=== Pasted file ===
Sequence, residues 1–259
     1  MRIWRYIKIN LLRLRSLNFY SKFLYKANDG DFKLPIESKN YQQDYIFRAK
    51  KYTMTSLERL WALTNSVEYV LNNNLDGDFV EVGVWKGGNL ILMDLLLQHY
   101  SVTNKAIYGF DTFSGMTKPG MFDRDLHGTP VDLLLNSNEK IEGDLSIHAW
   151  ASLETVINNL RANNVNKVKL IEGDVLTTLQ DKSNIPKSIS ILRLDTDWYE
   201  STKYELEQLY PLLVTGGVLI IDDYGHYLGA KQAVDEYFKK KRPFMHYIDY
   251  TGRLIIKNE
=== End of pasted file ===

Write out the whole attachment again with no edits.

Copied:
Sequence, residues 1–259
     1  MRIWRYIKIN LLRLRSLNFY SKFLYKANDG DFKLPIESKN YQQDYIFRAK
    51  KYTMTSLERL WALTNSVEYV LNNNLDGDFV EVGVWKGGNL ILMDLLLQHY
   101  SVTNKAIYGF DTFSGMTKPG MFDRDLHGTP VDLLLNSNEK IEGDLSIHAW
   151  ASLETVINNL RANNVNKVKL IEGDVLTTLQ DKSNIPKSIS ILRLDTDWYE
   201  STKYELEQLY PLLVTGGVLI IDDYGHYLGA KQAVDEYFKK KRPFMHYIDY
   251  TGRLIIKNE